Biography: Ruth Bader Ginsburg – A Story Of Dedication, Perseverance, And Empowerment
Notrious RBG: A Biography is your one-stop shop to learn about Ruth Bader Ginsburg, the US Supreme Court Justice, modern feminist icon and unlikely pop star.
In this biography of her life, we’ll delve into Ruth’s Brooklyn childhood and trace her journey all the way through to capturing the public attention with her dissents.
You’ll learn how she dedicated her life to fight for equal rights for American women and men, as well as gain insight into how she navigated life’s trials with a combination of hard work, empathy and love.
So get ready – this book promises to be an inspirational and uplifting experience!
Ruth Bader Ginsburg Overcame Obstacles To Become A Champion Of Equality
The first chapter of Notorious RBG takes the reader back to the origin of Ruth Bader Ginsburg and her upbringing in Brooklyn’s Flatbush neighborhood in 1933.
Ruth, affectionately known as Kiki, is introduced to us as a sharp young girl from a Jewish family that faced discrimination due to their religious background.
Despite this adversity, her mother Celia instilled a sense of independence in her – something she hoped to pass on by saving up $8,000 for Ruth’s college tuition.
Throughout high school, Kiki was involved in many activities such as being part of the honor society and playing the cello while truggling with personal tragedies such as her sister Marilyn’s death to meningitis at a young age and Celia’s diagnosis of cervical cancer when Kiki was 13.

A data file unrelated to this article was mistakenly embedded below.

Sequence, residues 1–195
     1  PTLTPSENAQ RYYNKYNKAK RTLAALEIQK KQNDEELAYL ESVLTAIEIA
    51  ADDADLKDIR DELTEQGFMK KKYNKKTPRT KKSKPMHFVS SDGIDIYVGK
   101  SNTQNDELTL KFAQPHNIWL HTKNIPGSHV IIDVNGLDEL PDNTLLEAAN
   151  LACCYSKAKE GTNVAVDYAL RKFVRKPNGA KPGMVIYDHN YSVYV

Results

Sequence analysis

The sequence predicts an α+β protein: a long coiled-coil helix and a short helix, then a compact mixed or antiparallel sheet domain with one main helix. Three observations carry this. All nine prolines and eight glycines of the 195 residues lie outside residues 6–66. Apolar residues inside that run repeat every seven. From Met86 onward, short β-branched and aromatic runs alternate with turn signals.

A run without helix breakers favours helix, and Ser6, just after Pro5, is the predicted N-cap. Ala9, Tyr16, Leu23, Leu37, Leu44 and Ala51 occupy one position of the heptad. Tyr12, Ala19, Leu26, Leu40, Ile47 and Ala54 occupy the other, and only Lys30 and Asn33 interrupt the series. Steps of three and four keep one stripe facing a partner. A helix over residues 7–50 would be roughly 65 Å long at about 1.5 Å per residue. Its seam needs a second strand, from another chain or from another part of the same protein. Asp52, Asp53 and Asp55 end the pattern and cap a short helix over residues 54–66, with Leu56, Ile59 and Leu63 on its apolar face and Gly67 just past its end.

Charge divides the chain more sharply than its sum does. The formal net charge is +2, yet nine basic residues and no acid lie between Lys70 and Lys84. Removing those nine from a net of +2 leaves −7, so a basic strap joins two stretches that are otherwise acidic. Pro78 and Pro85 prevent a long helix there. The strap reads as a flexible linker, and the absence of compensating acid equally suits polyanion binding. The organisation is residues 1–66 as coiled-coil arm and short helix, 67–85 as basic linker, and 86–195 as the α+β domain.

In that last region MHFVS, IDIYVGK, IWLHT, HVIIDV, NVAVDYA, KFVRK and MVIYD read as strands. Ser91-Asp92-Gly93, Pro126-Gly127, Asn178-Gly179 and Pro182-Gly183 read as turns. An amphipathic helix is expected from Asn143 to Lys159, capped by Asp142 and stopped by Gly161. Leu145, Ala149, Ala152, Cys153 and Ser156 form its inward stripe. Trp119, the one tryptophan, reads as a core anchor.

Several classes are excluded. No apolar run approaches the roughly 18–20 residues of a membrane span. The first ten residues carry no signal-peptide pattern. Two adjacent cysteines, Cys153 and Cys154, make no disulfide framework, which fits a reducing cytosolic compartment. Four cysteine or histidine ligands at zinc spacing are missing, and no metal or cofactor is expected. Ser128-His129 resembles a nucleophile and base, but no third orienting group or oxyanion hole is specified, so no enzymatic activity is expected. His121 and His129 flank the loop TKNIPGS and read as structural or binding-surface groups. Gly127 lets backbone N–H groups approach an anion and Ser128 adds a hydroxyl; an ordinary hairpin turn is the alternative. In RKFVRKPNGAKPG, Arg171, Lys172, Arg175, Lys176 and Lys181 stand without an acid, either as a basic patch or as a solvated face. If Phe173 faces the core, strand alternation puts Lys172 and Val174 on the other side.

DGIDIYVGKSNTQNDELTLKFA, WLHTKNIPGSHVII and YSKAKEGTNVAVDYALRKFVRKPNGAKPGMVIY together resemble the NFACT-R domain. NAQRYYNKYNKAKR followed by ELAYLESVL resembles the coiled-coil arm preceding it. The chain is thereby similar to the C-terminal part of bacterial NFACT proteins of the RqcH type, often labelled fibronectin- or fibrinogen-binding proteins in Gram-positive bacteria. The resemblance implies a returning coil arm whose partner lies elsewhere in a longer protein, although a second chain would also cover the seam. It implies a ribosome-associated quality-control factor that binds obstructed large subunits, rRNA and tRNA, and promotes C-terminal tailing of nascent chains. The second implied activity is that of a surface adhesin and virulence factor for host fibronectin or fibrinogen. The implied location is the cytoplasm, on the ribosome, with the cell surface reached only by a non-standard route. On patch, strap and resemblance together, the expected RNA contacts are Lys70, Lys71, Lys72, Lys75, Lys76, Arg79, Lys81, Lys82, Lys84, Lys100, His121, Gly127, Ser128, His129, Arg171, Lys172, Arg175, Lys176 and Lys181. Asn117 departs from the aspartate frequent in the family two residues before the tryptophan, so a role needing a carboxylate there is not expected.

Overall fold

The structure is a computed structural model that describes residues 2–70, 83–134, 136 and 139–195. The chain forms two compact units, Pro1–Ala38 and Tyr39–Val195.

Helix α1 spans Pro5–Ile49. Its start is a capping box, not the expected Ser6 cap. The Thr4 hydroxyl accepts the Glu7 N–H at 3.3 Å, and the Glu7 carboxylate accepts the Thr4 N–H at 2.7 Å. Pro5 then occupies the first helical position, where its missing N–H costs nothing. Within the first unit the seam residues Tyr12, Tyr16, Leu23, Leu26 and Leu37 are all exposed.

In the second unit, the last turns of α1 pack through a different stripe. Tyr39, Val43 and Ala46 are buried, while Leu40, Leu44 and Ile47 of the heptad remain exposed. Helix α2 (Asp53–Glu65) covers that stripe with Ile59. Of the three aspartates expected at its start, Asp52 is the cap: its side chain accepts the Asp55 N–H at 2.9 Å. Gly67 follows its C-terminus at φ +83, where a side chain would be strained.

Celia never saw how far Kiki went; she passed away before her daughter’s high school graduation ceremony.
But even her death couldn’t eviscerate celia’s teachings and inspiration – Kiki kept them close throughout college and afterwards into law school where she met Martin D.
Ginsburg who soon became her husband.
A Mother Of Two, Rbg Pushed Forward To Uphold Women’S Rights And Take Up The Challenge Of Her Career
In Chapter 2 of the Notorious RBG book, the reader is introduced to Ruth Bader Ginsburg and her husband Marty as they embark on their joint journey through Harvard Law School.
They had both been accepted and were ready to advance their professions, but before RBG could enroll, the couple was called to serve at Fort Sills Army Base in Oklahoma.
While there, RBG took a civil service exam, where she mentioned she was pregnant during a trip to the Social Security office.
This resulted in her being assigned a lower-level position due to discriminatory workplace regulations.
Upon finally arriving at Harvard Law School, RBG faced even more challenges due to gender discrimination.
For example, she wasn’t allowed access into Lamont Library like the men in her class.
Additionally, she had her first child Jane while studying and soon after faced the dire news that Marty had been diagnosed with testicular cancer.
Despite these obstacles she persevered with resilience; taking on extra duties such as helping Marty catch up with his studies after his diagnosis and still managing to excel academically with distinction by making it onto the Law Review – something even Marty hadn’t achieved!
RBG’s success continued beyond Harvard when Smit offered her an intriguing opportunity – a chance to travel abroad and become an author by coauthoring a book about Sweden’s judicial system.